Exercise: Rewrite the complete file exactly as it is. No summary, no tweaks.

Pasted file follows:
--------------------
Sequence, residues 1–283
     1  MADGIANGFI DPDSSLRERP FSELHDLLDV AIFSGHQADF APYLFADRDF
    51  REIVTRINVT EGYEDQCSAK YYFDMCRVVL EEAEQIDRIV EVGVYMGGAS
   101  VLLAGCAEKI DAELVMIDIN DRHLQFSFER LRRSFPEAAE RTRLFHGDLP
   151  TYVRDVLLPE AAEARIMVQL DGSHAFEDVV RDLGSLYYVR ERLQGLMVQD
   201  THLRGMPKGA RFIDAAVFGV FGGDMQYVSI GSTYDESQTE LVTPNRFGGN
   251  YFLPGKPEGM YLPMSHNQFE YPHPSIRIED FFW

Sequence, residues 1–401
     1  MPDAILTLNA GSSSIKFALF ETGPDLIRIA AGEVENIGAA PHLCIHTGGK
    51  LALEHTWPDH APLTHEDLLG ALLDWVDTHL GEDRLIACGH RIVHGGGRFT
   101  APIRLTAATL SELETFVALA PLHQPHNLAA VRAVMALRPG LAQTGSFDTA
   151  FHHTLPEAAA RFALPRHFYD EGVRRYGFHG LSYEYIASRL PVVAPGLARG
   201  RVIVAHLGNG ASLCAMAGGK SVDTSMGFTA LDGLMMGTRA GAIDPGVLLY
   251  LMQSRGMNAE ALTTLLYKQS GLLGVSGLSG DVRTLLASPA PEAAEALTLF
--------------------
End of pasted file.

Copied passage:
Sequence, residues 1–283
     1  MADGIANGFI DPDSSLRERP FSELHDLLDV AIFSGHQADF APYLFADRDF
    51  REIVTRINVT EGYEDQCSAK YYFDMCRVVL EEAEQIDRIV EVGVYMGGAS
   101  VLLAGCAEKI DAELVMIDIN DRHLQFSFER LRRSFPEAAE RTRLFHGDLP
   151  TYVRDVLLPE AAEARIMVQL DGSHAFEDVV RDLGSLYYVR ERLQGLMVQD
   201  THLRGMPKGA RFIDAAVFGV FGGDMQYVSI GSTYDESQTE LVTPNRFGGN
   251  YFLPGKPEGM YLPMSHNQFE YPHPSIRIED FFW

Sequence, residues 1–401
     1  MPDAILTLNA GSSSIKFALF ETGPDLIRIA AGEVENIGAA PHLCIHTGGK
    51  LALEHTWPDH APLTHEDLLG ALLDWVDTHL GEDRLIACGH RIVHGGGRFT
   101  APIRLTAATL SELETFVALA PLHQPHNLAA VRAVMALRPG LAQTGSFDTA
   151  FHHTLPEAAA RFALPRHFYD EGVRRYGFHG LSYEYIASRL PVVAPGLARG
   201  RVIVAHLGNG ASLCAMAGGK SVDTSMGFTA LDGLMMGTRA GAIDPGVLLY
   251  LMQSRGMNAE ALTTLLYKQS GLLGVSGLSG DVRTLLASPA PEAAEALTLF